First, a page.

Scarlet Widow Targets K-12 Schools, Nonprofits

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A gang of known scammers allegedly based in Nigeria is believed to be targeting schools in the K-12 sector along with the Boy Scouts and other nonprofit organizations around the world, according to a report published by Agari.

The group has been named "Scarlet Widow," and the most recent report reveals a new pattern of attacks targeting nonprofit organizations, K-12 school districts, and universities – using a directory scraping technique the Scarlet Widow gang calls 'bombing.' The group has also been identified as targeting single men and women with romance scams in early February. 

Using email fraud attacks, Scarlet Widow appears to go after some of the more vulnerable organizations around the globe, including dozens of small-town schools and school districts in Indiana and Wisconsin. Attackers have also reportedly gone after US and UK-based nonprofits including Boy Scouts of America and the Salvation Army as well as universities in Florida, the UK, New Zealand and Australia, Agari found.

"When Scarlet Widow goes after nonprofits, the group primarily uses publicly accessible websites to scrape contact information for employees," wrote Crane Hassold, Agari's senior director of threat research, in a blog post announcing the report. "Working off a list of identified websites that contain directories of nonprofit organizations, Scarlet Widow uses a web scraper to traverse the online directory and collect email addresses associated with each organization – a process they refer to as 'bombing' an online directory."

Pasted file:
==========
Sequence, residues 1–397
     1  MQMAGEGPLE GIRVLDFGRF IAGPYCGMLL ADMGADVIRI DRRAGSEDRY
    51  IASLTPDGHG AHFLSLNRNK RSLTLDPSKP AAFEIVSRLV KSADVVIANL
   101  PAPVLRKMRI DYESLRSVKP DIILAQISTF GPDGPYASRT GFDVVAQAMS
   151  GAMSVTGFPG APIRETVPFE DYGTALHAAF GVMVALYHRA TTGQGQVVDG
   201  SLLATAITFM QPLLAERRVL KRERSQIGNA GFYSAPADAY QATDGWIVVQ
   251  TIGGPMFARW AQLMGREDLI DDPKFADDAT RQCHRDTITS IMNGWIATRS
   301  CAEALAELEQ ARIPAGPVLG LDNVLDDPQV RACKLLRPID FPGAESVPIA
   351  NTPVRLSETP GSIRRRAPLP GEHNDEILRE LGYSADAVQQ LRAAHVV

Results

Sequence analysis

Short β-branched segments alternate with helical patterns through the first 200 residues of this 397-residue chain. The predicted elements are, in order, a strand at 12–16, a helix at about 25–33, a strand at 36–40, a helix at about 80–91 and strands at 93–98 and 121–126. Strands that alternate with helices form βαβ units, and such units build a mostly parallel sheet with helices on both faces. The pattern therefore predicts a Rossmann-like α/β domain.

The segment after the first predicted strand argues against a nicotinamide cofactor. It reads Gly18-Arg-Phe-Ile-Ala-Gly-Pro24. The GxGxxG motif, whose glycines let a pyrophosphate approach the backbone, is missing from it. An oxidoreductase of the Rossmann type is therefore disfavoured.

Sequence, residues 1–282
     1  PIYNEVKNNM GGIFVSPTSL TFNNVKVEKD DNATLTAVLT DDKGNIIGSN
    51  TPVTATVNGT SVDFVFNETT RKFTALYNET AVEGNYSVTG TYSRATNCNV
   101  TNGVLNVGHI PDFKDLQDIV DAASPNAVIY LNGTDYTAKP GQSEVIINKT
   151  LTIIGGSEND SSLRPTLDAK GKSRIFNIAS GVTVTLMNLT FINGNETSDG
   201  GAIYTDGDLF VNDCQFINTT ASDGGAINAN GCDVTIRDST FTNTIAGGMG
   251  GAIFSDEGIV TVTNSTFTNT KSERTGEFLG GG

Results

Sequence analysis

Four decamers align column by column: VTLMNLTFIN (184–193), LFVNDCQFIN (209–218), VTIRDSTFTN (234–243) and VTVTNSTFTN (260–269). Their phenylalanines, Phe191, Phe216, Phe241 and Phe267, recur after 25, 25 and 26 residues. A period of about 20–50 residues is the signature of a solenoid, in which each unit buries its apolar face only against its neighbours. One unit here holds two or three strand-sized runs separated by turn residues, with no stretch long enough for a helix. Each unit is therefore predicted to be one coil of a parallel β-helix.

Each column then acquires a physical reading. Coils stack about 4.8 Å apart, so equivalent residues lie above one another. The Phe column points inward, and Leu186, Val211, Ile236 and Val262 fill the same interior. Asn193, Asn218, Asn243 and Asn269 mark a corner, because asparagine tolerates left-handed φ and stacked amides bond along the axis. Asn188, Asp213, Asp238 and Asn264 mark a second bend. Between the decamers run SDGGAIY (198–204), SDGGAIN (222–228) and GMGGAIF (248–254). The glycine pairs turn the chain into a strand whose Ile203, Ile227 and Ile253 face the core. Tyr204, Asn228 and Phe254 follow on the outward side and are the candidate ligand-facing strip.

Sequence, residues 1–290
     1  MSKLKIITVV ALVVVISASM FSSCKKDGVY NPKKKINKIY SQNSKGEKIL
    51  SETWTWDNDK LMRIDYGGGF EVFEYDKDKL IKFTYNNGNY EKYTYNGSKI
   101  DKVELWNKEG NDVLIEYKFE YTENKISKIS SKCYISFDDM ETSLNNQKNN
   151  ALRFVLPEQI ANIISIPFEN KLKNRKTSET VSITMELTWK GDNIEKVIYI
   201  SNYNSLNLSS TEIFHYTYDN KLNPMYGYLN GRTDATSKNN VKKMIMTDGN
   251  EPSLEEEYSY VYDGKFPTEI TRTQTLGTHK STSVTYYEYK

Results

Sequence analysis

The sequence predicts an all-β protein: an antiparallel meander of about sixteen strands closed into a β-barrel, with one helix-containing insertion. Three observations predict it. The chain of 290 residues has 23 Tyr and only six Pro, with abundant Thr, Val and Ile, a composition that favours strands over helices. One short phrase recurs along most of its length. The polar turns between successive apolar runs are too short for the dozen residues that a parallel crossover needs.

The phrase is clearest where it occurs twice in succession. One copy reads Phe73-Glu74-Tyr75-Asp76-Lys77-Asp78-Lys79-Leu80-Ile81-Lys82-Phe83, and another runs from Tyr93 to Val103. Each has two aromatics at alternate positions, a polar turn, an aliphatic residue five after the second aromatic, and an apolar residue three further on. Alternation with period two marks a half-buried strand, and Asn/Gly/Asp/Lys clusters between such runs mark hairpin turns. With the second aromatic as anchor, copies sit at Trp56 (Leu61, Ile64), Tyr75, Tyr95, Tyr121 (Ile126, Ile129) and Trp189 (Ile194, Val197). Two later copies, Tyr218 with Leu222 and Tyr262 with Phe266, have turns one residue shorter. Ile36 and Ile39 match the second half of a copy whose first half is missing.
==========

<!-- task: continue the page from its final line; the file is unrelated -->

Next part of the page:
The attackers leverage business email compromise tactics to target the organizations ranging from a chapter of the United Way, a Texas-based ballet foundation, a North Carolina physician, an Archdiocese of the Catholic Church in the Midwest, and several chapters of the YMCA. An investigation revealed that Scarlet Widow had collected information from more than 30,000 individuals at 13,000 organizations across 12 different countries.

The Scarlet Widow scammers have reportedly been using a peer-to-peer cryptocurrency exchange, Paxful, to convert fake gift cards into cryptocurrency. In investigating Scarlet Widow, Hassold noted researchers found that, "By first advertising the stolen cards on Paxful, the group can successfully turn them into bitcoin, which they can then trade on Remitano for a specified price. Once the Scarlet Widow actors have exchanged their bitcoin and the buyer’s funds are in their bank account, the process of converting illicit gift cards into cash is complete."

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